The widespread adoption of eSIM in the consumer market has triggered a lot of excitement and expectation in the IoT market. But the truth is, there is a fundamental difference between Consumer eSIM and the M2M variant that is currently used for IoT. Much about the technology remains mythicized, and a sober understanding is critical to cut through the noise and successfully implement eSIM to your IoT advantage.
Following our previous blog post on how Consumer eSIM and M2M eSIM compare, in this post, we will help you crack the eSIM code by debunking some of the most common misconceptions and suggesting the best practices around it.
eSIM lets me download any operator profile on-demand
eSIM = intelligent SIM profile management
eSIM = no physical SIM cards
eSIM allows for easy vendor migration
Myth #1: eSIM lets me download any operator profile on-demand
Many IoT businesses envision that with eSIM they can easily switch to any local operator profile at the push of a button – whether to enjoy the cheapest connectivity rates, get better coverage, or bypass permanent roaming restrictions.
This misbelief generally comes from the Consumer eSIM experience, but M2M eSIM functions very differently. With Consumer eSIM, devices can connect to multiple operator platforms, where no integration is needed between operators.
However, this comes at the cost of resource-intensive features required on the endpoints. One is the Local Profile Assistance (LPA) which is responsible for the local download and management of different eSIM profiles. For the LPA to trigger profile download, the device needs to be equipped with a camera and user interface.
In M2M eSIM, the technical design is adapted to reduce the computing footprint on the devices. There is no need for an LPA, but this also means that all profile management is offloaded to the subscription management (SM) backend.
Adding a new profile to the SM platform demands integration between your network provider and the respective carrier, alongside complex buy-in and the negotiation processes involved. As such, it’s no surprise that many vendors claim to offer eSIM, yet in fact, there is no more than one profile available for usage.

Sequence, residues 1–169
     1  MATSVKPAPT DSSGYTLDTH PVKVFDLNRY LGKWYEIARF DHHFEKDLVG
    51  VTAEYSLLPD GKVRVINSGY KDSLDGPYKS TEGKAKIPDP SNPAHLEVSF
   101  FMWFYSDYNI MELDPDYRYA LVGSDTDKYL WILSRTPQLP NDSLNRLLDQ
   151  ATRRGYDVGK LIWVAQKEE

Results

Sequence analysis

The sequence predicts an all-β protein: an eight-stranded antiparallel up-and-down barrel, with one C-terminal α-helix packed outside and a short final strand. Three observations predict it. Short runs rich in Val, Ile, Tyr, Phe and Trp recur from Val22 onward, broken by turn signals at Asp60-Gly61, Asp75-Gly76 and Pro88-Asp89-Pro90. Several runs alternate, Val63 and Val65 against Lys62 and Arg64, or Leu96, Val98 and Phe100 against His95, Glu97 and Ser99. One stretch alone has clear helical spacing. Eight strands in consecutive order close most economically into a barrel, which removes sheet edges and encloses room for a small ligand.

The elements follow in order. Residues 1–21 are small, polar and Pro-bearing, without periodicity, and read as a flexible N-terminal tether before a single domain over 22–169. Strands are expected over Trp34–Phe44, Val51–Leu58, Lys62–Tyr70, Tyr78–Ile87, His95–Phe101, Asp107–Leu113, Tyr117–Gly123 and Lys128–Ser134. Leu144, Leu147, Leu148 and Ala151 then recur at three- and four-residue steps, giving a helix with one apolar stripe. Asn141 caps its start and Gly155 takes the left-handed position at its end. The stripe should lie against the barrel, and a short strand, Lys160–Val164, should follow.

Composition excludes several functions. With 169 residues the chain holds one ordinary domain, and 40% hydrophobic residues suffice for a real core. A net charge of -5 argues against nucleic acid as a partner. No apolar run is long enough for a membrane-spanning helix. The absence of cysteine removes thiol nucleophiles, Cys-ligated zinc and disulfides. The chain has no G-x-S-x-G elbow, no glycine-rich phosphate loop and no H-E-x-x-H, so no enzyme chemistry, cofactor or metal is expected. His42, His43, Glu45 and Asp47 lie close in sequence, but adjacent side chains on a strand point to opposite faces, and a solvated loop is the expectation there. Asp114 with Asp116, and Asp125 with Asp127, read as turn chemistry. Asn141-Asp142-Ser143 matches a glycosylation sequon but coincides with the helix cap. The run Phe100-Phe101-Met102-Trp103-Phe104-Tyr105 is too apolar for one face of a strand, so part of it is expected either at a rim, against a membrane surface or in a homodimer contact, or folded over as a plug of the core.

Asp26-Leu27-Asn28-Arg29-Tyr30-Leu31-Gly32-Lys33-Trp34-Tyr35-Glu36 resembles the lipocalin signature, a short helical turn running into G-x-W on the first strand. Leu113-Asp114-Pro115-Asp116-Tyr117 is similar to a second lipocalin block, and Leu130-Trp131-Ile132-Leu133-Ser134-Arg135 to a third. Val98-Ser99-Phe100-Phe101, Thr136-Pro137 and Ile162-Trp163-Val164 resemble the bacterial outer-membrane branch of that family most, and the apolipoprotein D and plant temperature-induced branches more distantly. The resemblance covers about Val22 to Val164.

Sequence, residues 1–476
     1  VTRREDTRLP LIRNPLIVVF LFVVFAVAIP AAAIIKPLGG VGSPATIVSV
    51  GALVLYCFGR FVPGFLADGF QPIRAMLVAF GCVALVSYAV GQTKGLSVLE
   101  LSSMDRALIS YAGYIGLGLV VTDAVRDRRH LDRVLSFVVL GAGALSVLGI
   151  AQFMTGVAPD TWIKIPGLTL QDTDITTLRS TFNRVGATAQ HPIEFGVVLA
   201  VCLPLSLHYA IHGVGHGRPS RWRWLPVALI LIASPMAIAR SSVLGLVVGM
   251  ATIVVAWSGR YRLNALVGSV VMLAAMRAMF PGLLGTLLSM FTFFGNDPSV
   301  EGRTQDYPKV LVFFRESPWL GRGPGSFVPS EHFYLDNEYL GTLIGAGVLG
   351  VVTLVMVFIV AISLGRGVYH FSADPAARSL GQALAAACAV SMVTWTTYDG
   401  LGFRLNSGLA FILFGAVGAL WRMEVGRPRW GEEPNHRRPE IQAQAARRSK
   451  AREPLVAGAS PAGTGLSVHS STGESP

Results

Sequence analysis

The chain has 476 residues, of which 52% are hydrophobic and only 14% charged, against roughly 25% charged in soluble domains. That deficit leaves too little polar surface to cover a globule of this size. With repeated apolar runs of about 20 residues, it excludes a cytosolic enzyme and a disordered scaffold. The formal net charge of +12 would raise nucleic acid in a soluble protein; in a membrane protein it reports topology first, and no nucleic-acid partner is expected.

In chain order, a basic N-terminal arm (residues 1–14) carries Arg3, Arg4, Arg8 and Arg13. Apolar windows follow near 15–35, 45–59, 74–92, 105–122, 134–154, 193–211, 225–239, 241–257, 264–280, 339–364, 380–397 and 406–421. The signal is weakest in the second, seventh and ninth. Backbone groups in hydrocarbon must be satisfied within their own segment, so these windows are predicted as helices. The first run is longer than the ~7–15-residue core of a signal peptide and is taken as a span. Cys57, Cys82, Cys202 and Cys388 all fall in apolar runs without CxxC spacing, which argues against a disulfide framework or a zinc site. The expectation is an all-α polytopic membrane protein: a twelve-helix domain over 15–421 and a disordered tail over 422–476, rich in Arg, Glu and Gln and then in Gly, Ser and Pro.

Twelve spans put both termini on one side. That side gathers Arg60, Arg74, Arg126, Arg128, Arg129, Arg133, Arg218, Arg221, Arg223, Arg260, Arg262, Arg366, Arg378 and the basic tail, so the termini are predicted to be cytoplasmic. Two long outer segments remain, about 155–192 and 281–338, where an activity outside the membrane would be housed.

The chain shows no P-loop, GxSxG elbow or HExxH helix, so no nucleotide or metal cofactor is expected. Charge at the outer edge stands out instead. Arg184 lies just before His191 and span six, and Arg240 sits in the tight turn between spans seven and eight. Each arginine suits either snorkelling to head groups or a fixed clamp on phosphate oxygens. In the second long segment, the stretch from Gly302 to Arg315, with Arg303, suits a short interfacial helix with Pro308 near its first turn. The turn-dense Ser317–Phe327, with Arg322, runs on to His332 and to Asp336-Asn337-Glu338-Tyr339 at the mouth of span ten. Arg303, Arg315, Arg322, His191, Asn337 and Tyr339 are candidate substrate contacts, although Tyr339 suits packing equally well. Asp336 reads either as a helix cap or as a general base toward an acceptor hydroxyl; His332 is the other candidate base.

- Best practice: A multi-IMSI SIM solution already comes with multiple MNO profiles on a SIM card. The convergence of multi-IMSI and eSIM provides you with readily available operator profiles to leverage.
Myth #2: eSIM = intelligent SIM profile management
eSIM is new and shiny. So, it is easy to see why many perceive it to be the best-of-breed solution for SIM management. Well, not so fast. While eSIM is a powerful concept, it is equally important to understand what the technology, as of today, can and cannot do, especially in IoT applications.
eSIM can indeed store multiple operator profiles, but there is technically no intelligence or automation logic behind profile selection. For example, if a device travels to a new country, it will still connect to the previously activated eSIM profile, even when this profile incurs high roaming costs or infringes the permanent roaming regulation.
Ensuring devices always have the best connection where they are, requires manual profile management from download to activation and update. This is a massive workload when it comes to thousands of devices. Not to mention, each profile download often comes with a price tag that will impact your ROI.
- Best practice: Again, you can greatly benefit from the winning combination of eSIM and multi-IMSI. eSIM lets you download and update profiles on the SIM cards, whereas multi-IMSI provides the embedded logic needed to automatically select the optimal profile when a device travels to a new country.